Kramer Levin is sanctioned $135K for deposition conduct
A Delaware judge has ordered Kramer Levin Naftalis & Frankel to pay $135,000 for a deposition in which its lawyer repeatedly instructed a witness not to answer questions.
Chancellor Andre Bouchard set the amount of the sanction in a Sept. 17 order, the New York Law Journal reports. The money will cover attorney fees incurred by its client’s opponent for the deposition and litigation over the sanctions motion.
Bouchard had said he would impose a sanction in an Aug. 14 letter opinion that found Kramer Levin lawyer Philip Kaufman instructed the Feb. 6 deposition witness not to answer 75 questions, including many that “were benign and did not implicate any privilege.”
The deposition witness was another Kramer Levin lawyer being deposed because he was alleged to be a central figure in past disputes between the litigants, two co-founders of translation services company TransPerfect.
Bouchard is considering another sanctions motion, this one brought by Kramer Levin’s client, Elizabeth Elting, against her opponent, Philip Shawe, according to the New York Law Journal article. Bouchard said the motion “raises very serious issues of spoliation and discovery abuse.”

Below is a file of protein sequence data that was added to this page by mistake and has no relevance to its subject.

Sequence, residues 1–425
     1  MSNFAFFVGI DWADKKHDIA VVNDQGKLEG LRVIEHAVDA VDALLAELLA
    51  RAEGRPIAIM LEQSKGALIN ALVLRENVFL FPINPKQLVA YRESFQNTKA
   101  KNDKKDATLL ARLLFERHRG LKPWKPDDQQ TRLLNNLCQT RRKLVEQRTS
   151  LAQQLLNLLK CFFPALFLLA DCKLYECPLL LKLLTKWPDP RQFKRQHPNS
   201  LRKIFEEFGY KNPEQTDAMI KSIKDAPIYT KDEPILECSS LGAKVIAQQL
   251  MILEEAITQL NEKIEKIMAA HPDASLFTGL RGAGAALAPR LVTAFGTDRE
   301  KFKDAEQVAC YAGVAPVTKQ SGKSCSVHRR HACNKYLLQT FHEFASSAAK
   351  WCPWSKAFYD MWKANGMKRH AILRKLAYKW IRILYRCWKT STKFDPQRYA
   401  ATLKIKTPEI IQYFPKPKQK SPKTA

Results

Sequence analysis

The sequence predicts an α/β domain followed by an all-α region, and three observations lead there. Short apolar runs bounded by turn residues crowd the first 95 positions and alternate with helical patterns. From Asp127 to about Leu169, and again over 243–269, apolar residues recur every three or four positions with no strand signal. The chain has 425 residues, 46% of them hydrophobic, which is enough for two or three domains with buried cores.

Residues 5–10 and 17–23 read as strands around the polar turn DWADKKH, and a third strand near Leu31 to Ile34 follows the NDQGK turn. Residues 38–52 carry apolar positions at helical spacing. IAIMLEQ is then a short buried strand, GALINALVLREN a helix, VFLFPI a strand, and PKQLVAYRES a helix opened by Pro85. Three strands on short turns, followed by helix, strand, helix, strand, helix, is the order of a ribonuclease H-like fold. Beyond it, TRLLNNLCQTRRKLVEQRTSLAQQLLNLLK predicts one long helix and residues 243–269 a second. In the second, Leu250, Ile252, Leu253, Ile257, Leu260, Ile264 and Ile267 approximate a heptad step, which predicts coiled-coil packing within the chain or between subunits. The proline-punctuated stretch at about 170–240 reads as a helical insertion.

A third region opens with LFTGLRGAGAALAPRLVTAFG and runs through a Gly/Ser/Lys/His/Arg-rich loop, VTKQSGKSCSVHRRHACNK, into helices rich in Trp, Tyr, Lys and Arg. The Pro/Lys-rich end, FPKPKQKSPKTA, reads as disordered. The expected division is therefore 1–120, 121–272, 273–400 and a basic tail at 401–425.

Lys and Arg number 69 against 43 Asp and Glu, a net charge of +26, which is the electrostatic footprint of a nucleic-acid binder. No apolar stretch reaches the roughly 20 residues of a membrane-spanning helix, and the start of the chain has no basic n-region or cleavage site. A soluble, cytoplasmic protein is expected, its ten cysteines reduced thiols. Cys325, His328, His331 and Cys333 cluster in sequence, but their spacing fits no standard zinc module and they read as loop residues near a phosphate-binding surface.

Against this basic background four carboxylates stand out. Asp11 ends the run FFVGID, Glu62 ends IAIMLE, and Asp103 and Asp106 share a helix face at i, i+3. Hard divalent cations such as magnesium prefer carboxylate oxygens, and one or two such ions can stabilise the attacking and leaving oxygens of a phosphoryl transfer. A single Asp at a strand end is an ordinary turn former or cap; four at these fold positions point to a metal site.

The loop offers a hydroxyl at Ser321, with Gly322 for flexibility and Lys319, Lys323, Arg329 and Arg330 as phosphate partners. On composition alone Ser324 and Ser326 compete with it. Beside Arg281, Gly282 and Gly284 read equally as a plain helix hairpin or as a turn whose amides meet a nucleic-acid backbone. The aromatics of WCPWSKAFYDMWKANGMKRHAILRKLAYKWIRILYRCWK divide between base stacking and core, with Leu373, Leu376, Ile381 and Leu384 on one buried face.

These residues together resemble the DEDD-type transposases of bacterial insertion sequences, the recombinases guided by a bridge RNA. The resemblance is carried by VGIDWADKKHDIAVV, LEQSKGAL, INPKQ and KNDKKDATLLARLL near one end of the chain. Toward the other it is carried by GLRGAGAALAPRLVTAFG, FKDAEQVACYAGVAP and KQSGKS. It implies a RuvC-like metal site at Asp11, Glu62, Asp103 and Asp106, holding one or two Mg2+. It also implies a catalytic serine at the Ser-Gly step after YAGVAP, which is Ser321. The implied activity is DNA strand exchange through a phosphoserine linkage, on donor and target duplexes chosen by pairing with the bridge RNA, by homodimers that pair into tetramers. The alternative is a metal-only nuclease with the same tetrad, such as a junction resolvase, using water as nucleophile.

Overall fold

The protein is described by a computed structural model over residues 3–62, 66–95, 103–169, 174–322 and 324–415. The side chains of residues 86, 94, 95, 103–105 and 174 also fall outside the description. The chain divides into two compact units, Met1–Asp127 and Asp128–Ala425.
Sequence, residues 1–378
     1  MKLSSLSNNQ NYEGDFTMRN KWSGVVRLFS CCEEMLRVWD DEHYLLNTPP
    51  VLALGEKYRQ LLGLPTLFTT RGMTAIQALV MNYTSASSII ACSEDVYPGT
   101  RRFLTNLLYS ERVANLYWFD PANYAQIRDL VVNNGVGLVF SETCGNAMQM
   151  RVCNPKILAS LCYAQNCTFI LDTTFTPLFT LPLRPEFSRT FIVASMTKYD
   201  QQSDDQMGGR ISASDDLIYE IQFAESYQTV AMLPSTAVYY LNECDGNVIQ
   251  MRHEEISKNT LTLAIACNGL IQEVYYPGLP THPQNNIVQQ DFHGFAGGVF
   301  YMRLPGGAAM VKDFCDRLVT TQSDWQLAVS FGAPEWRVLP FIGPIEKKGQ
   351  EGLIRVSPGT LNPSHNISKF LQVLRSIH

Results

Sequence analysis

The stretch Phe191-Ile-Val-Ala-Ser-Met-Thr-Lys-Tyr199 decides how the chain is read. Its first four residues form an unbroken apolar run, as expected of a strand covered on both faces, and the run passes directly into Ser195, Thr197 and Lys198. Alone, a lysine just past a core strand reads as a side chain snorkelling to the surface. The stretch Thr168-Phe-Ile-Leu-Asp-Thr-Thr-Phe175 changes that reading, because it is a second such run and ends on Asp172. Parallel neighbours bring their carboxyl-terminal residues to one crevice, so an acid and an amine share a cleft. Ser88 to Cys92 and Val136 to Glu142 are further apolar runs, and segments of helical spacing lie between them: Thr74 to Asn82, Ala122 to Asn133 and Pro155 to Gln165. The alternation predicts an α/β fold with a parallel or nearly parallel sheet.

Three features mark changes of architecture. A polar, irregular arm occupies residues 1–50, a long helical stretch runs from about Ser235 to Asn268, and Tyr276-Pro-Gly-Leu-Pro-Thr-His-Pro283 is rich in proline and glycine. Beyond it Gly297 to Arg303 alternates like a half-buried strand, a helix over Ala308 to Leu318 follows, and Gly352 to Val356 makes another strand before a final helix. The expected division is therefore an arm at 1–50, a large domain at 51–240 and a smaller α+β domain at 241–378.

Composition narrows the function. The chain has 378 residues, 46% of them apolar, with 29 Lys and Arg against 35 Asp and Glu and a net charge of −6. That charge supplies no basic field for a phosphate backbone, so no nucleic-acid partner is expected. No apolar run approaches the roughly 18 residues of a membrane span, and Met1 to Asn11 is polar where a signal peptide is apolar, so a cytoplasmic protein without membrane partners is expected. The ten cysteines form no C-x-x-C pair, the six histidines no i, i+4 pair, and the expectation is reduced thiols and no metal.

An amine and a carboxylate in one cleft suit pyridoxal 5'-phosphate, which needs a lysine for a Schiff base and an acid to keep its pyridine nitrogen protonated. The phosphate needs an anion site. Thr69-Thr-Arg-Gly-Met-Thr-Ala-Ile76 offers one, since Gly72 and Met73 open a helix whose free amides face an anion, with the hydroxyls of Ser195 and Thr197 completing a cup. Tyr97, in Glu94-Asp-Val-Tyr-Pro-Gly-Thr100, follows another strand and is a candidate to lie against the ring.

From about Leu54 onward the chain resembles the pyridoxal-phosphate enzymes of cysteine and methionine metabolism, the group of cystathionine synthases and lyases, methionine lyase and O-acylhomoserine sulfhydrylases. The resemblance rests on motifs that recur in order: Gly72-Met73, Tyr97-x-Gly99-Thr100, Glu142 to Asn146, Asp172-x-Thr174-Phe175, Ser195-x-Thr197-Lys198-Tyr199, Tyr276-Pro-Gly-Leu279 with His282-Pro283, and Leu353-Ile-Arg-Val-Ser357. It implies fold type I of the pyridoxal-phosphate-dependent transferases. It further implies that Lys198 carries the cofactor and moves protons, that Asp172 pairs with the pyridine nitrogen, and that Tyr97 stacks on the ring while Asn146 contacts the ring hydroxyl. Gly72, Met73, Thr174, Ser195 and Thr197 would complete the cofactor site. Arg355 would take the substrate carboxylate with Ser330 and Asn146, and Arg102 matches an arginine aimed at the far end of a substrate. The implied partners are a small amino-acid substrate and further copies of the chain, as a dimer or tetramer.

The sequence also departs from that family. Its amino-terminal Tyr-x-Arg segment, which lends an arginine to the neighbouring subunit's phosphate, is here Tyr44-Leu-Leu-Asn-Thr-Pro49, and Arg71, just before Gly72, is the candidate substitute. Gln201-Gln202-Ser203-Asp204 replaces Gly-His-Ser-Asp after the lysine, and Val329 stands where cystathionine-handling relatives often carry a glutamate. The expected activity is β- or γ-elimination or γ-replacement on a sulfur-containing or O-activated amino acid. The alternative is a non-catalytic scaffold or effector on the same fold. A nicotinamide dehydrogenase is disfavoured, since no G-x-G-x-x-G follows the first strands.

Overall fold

Elting claims Shawe acquired privileged communications involving Kramer Levin and deleted 21,000 files from his laptop. Shawe denies all of Elting’s allegations, according to a statement issued to the New York Law Journal by its lawyer, Howard Kaplan of Kaplan Rice.
Kramer Levin didn’t comment on the sanction when contacted by the New York Law Journal. The law firm issued a statement saying it was “extremely pleased” that Bouchard ordered the sale of Transperfect, which was “a very significant victory” for its client.